When collisions occur, people tend to assume that one of the drivers involved will be directly to blame for the crash. Typically that is true. In commercial vehicle collisions, sometimes the smaller passenger vehicle is to blame for the wreck, and many other times, the commercial vehicle is at fault.
However, when it comes to commercial vehicles, the driver isn’t always the one to blame for the wreck. According to an analysis of commercial vehicle collisions performed by the Federal Motor Carrier Safety Administration, roughly 10% of commercial vehicle crashes are caused not by a driver’s mistake but by an issue with the vehicle.
When the vehicle is to blame, a commercial driver who is an employee of a transportation company may not actually be the one who caused the wreck. What are the two main scenarios in which a commercial driver’s vehicle makes another party responsible for a crash?
When bad maintenance causes a wreck
Commercial transportation companies need to maintain their vehicles in safe operating condition. They typically employ mechanics who can help maintain a fleet of vehicles. However, some companies don’t invest adequately in the maintenance of their fleets. They may send drivers out to deliver loads in vehicles that have bad breaks or other known maintenance issues. When vehicle issues cause a crash, the transportation company, not the driver, may be to blame for the wreck.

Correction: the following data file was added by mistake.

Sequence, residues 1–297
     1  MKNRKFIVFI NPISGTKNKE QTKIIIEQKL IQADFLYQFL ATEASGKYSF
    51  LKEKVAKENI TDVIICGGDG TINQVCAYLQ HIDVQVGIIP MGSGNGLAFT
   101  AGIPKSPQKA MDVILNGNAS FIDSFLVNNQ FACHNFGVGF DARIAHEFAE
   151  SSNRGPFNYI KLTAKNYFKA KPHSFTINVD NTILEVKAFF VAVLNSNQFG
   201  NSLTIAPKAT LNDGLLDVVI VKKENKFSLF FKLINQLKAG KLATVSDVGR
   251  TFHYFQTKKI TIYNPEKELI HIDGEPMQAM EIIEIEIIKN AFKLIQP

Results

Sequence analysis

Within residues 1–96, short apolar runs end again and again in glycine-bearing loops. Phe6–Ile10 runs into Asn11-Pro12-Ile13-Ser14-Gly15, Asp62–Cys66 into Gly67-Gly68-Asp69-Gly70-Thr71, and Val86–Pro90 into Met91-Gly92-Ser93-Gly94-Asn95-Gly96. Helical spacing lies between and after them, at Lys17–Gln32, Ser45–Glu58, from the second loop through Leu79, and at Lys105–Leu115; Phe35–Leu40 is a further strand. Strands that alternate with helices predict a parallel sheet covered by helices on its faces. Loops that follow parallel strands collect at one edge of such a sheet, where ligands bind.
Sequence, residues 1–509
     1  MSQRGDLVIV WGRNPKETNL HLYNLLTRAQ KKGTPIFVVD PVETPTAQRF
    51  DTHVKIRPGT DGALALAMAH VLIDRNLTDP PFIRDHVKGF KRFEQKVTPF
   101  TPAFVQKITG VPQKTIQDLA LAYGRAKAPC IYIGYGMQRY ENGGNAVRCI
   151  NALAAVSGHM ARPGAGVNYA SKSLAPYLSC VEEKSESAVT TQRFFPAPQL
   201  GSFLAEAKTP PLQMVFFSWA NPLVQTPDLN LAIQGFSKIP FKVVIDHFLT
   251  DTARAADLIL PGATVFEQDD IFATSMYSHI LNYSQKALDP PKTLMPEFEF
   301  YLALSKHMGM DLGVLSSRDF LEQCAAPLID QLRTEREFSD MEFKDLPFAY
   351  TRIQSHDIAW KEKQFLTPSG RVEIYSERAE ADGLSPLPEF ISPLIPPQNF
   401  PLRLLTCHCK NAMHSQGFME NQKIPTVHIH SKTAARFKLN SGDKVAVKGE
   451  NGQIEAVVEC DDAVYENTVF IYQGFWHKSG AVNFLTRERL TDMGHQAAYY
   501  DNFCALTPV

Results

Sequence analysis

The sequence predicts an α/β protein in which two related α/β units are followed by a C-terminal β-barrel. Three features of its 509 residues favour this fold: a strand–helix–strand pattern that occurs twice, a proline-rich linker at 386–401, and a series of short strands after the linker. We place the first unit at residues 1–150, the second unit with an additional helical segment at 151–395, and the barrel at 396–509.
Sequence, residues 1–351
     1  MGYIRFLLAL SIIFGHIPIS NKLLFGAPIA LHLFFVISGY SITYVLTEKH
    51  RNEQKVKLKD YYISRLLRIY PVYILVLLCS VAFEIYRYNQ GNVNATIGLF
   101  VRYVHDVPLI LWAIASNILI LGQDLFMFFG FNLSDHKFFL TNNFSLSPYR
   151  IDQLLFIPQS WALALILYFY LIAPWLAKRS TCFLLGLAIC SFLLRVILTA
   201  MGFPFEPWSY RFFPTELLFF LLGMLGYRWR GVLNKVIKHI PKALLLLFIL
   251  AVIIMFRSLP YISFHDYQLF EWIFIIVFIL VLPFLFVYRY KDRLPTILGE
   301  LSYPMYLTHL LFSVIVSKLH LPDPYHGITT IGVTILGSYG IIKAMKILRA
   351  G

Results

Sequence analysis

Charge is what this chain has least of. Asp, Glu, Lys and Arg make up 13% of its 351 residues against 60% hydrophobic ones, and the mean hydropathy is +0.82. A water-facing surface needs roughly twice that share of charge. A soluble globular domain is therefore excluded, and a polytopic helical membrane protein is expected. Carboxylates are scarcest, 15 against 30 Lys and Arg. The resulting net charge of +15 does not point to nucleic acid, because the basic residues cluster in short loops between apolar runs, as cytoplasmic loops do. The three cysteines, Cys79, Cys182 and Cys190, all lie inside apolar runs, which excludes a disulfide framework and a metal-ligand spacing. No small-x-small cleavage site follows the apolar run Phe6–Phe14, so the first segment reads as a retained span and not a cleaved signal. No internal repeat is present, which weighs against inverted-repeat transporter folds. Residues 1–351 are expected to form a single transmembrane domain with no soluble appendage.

When bad loading causes a crash
Some drivers have to load and unload the trailers that they haul as part of their job, but many truckers simply pick up a load and have nothing to do with loading or inspecting the trailer.
If the client that loaded the trailer fails to warn a driver about fluid contents or if a worker unevenly loads a trailer, the contents might shift when a trucker goes around a curve or completes a turn, resulting in them losing control of the vehicle and causing a preventable collision. In that scenario, the business that loaded the trailer may be the one ultimately at fault for the crash and may provide insurance coverage or potentially be subject to a civil lawsuit related to the collision that resulted.
Determining faults is often a key step when seeking compensation after a commercial truck collision.